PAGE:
Lottery machines seem like pretty simple things – they’re basically just giant popcorn poppers that toss ping-pong balls with numbers on them around until one comes out a tube at the top. But back in the early 80s, people started paying more attention after an enterprising TV host rigged the system for a big payoff in what’s now known as the Pennsylvania Lottery Scandal.
It all started with Nick Perry, a popular host on WTAE who did the news, weather and even Bowling For Dollars. In 1977, he was tapped to host the nightly Pennsylvania lottery drawing, where a different senior citizen every day was brought into the studio to pick three balls out of a trio of machines.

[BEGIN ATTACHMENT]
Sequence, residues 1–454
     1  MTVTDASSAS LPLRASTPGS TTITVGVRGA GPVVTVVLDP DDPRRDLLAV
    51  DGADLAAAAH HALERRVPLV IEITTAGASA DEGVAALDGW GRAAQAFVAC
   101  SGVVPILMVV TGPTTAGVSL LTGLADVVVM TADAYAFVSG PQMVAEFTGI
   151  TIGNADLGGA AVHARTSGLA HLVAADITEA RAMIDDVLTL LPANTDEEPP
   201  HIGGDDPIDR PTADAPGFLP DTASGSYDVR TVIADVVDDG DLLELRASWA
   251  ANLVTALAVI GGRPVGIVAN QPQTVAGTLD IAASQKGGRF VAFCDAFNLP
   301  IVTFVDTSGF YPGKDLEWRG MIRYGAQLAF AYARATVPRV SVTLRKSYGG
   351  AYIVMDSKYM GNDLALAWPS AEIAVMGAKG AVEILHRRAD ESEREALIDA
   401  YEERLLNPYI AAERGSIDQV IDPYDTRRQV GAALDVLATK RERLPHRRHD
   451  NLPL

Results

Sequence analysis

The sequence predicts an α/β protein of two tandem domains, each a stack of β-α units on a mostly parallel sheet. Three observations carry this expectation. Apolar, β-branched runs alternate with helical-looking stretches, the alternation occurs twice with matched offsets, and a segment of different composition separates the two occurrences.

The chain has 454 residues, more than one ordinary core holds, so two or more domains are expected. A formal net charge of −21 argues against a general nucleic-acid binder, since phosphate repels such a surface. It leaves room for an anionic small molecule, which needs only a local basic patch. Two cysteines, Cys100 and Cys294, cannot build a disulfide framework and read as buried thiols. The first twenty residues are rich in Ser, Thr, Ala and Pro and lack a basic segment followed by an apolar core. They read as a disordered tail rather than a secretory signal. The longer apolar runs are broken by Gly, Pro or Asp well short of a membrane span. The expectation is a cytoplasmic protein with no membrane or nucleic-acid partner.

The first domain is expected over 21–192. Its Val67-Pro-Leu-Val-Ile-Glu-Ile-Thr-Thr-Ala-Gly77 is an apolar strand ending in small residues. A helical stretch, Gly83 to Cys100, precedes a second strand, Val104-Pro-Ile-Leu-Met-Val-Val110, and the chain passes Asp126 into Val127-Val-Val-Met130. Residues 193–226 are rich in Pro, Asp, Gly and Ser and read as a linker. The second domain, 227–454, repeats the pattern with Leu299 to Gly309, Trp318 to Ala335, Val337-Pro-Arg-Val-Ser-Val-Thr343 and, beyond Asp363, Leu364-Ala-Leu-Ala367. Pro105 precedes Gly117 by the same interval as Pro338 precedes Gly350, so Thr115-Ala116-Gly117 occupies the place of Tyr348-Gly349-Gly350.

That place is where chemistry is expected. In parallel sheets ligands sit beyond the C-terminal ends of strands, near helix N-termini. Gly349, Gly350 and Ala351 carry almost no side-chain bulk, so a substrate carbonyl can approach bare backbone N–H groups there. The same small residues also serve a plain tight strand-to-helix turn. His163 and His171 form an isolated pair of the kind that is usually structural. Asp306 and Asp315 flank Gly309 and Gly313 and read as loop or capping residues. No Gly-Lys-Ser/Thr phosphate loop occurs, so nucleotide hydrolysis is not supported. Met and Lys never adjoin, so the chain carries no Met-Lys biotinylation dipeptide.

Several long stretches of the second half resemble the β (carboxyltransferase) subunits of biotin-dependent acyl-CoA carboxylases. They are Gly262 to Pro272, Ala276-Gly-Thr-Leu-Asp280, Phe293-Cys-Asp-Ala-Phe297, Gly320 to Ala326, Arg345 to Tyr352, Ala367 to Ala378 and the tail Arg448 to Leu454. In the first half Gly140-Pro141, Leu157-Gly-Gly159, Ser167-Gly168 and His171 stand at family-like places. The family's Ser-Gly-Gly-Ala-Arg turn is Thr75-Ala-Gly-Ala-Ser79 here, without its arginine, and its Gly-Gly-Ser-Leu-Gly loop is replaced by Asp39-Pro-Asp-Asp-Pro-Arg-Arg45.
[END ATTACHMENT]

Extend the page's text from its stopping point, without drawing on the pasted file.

Perry saw potential and teamed with WTAE art director Joseph Bock, who created a new set of balls that were slightly heavier and would not rise to the top as fast. Only the 4 and 6 balls were original, and Perry’s accomplices Peter and Jack Maragos went around town purchasing tons of tickets for every possible combination of those numbers.
On the night of April 24, 1980, the fix was in and the winning numbers were 6-6-6. Lottery officials soon became suspicious when they noticed that $1.8 million of winning tickets were sold to just a few people. They began investigating, and it wasn’t long before they found out the Maragos brothers had also placed side bets on the lottery with local bookies. The Maragoses flipped on Bock and Perry, with the host being sentenced to seven years in prison.
Read more at the New York Times.Get your balls in the game! Donate to the Sean Kimerling Foundation to win the battle against testicular cancer.